Noubar Afeyan

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Noubar Afeyan
Born (1962-07-25) July 25, 1962 (age 59)
NationalityAmerican-Canadian
Alma materMcGill University (B.Eng., 1983)
Massachusetts Institute of Technology (Ph.D, Biochemical Engineering, 1987)
OccupationEntrepreneur, venture capitalist, inventor and philanthropist[1][2]
Years active1986–present[3]
Known forco-founding Moderna, Flagship Pioneering, Aurora Prize, The Future Armenian
Spouse(s)Anna Gunnarson
Children4

Noubar Afeyan (Western Armenian: Նուպար Աֆէեան; born in 1962) is an American-Canadian entrepreneur, inventor. and philanthropist of Armenian origin.[1][2] He is best known for co-founding the biotechnology company Moderna, through his venture capital firm, Flagship Pioneering, and for co-founding humanitarian projects such as Aurora Prize and The Future Armenian. As of November 2021, his net worth is estimated at $3.3 billion.[4]

Personal life[edit]

Afeyan was born to Armenian parents in Beirut, Lebanon in 1962.[1][3][2] His grandfather survived the Armenian genocide.[5][6] Talking about his background, Afeyan said: "One of the only unfortunate advantages Armenians have had by having gone through a genocide and having spread around the world is that we do have an experience of escaping and of immigrating and of constantly restarting."[5] His family fled Lebanon in 1975, during the civil war there.[5][7][3] He graduated from Loyola High School in Montreal in 1978.[7] He received his B.Eng. in chemical engineering from McGill University in 1983 and then moved to the US and earned a Ph.D. in biochemical engineering from the Massachusetts Institute of Technology (MIT) in 1987.[7][1][3] He was the first PhD graduate from MIT’s Center for Bioprocess Engineering, at the time the only institution with that degree program.[8] [9] He became a U.S. citizen in 2008.[10]

Afeyan is married to Anna (née Gunnarson), a Swedish-born engineer who moved to the US in 1988. They have four children.[11][12]

Academic career and inventions[edit]

Afeyan has authored numerous scientific papers.[1] He has patented over 100 inventions.[3][1][13] Between 2000 and 2016 he was a senior lecturer at the MIT Sloan School of Management and is currently (as of 2020) a lecturer at Harvard Business School.[1][14][2]

Business career[edit]

Afeyan started his first biotechnology company in 1987, just a few days before Black Monday, and founded or co-founded five more companies within ten years.[3][1] By 2020 Afeyan had co-founded and developed 41 start-ups.[2] In total, he co-founded or helped build over 50 life science and technology startups.[1] [9]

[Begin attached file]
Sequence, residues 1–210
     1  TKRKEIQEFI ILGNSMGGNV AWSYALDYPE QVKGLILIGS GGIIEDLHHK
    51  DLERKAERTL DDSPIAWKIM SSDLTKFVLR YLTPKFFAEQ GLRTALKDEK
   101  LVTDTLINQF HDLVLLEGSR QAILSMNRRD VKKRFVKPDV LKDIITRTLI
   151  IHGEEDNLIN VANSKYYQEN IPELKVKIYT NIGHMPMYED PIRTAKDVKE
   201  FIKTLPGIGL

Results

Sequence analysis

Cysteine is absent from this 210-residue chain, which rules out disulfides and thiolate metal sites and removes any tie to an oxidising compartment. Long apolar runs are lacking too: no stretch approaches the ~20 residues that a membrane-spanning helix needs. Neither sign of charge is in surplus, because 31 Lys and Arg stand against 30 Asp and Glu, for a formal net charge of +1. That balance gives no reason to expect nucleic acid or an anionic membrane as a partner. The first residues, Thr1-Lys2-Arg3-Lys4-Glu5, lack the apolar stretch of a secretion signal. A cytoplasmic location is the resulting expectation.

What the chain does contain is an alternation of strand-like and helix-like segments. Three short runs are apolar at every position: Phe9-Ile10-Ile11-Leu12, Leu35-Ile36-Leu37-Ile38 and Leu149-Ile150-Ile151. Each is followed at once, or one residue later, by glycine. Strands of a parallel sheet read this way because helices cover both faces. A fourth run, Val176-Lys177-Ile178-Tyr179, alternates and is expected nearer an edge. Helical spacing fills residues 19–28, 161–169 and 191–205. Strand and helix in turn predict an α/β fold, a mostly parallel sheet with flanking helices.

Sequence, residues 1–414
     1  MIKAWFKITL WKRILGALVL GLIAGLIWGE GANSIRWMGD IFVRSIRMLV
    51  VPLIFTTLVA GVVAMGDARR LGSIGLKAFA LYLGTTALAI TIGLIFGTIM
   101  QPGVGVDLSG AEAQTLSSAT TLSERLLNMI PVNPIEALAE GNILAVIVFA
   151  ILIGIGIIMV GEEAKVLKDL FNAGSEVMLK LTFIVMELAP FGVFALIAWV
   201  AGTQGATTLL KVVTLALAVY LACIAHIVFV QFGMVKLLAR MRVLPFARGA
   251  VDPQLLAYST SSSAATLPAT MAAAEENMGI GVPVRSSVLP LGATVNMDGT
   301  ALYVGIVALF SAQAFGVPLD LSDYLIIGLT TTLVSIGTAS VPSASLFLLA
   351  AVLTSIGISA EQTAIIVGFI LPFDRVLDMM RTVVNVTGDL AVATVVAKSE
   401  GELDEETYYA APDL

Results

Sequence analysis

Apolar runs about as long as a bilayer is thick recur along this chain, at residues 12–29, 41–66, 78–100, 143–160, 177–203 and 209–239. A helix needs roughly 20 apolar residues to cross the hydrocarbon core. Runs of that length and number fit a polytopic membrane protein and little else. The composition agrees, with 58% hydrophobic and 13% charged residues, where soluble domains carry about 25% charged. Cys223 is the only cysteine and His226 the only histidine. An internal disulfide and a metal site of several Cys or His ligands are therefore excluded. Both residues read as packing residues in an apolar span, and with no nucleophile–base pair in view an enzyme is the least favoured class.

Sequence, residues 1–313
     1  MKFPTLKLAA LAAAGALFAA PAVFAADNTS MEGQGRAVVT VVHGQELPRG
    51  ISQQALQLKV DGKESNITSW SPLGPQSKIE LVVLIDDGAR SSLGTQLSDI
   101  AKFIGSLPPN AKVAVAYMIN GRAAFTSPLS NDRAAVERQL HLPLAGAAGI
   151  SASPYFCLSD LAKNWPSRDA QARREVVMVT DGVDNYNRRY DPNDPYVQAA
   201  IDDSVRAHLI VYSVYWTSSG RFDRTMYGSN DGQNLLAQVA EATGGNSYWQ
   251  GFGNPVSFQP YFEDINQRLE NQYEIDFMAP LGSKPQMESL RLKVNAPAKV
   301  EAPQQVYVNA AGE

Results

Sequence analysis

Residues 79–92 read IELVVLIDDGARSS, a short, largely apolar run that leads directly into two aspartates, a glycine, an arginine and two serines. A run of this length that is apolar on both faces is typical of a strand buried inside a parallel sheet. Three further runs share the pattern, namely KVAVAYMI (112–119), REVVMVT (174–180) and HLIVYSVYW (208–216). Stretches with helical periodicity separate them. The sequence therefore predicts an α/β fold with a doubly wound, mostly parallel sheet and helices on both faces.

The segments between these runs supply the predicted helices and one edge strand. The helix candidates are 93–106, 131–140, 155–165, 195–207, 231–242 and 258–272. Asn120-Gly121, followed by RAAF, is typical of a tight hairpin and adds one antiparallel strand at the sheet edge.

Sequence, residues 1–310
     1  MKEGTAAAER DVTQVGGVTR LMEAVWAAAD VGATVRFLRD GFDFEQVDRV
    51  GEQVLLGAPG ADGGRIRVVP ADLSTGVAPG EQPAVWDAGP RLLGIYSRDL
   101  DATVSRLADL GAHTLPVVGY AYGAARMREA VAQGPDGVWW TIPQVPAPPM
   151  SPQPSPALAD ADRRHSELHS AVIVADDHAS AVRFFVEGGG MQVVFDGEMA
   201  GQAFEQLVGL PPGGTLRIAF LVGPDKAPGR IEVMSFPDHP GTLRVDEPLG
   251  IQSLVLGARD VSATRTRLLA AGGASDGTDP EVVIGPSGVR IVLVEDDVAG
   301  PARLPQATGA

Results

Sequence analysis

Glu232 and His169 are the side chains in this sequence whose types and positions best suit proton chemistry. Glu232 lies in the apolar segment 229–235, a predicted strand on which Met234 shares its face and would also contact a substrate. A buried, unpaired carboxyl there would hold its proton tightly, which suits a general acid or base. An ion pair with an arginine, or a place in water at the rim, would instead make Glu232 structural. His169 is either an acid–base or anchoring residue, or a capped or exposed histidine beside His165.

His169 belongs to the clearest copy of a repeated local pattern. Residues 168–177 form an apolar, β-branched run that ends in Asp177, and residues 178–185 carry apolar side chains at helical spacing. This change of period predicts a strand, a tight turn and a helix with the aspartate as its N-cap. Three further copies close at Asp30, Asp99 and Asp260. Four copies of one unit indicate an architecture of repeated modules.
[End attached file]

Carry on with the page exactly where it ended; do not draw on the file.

Afeyan is the founder and CEO of Flagship Pioneering, a venture capital company focused on biotechnology, in 2000. The firm has "fostered the development of more than 100 scientific ventures, resulting in $20 billion in total value and over 500 patents."[2] According to the company website, Flagship Pioneering has "fostered the development of more than 100 scientific ventures resulting in $30 billion in aggregate value, thousands of patents and patent applications, and more than 50 drugs in clinical development."[1]

In 2009 Afeyan co-founded Moderna (formerly ModeRNA Therapeutics) and currently serves as its chairman.[3][15][16] He owns over 2 million shares in the company; in 2018, Moderna had the biggest IPO in the biotech industry's history.[9]

In 2021, Afeyan announced that Moderna would not enforce its patent rights against anyone using those patents to make Covid vaccines. [17]

In 1988 he founded PerSeptive Biosystems and served as its CEO.[7] The company's annual revenues grew to $100 million and in 1998 was acquired by PerkinElmer/Applera and became CBO of Applera. There he oversaw the creation of Celera Genomics.[1]

Philanthropy[edit]

Afeyan sits on the boards of the MIT Corporation, the Boston Symphony Orchestra,[18][19][14] and the Armenian General Benevolent Union (AGBU).[14][2]

Afeyan has worked closely with other prominent Armenian diaspora philanthropists, most notably Ruben Vardanyan on projects related to Armenia. Afeyan had partnered with Vardanyan to establish Initiatives for Development of Armenia (IDeA),[20] which according to the Armenian government, has between 2007 and 2017 implemented different projects with a total cost of $550 million.[21] Earlier, in 2001 Afeyan, Vardanyan and others launched the "Armenia 2020" initiative, which aimed to identify development prospects for Armenia until 2020. It has since been expanded to 2031.[22] In 2005 Afeyan and Vardanyan met with Armenian president Robert Kocharyan to present the key directions of the project.[23]

In 2008 Afeyan, Vardanyan and others co-founded the National Competitiveness Foundation of Armenia, a private-public partnership dedicated to promoting economic development in the country.[14][24] As a member of its board, he met with Armenian Prime Minister Tigran Sargsyan in 2009[25] and 2012.[26]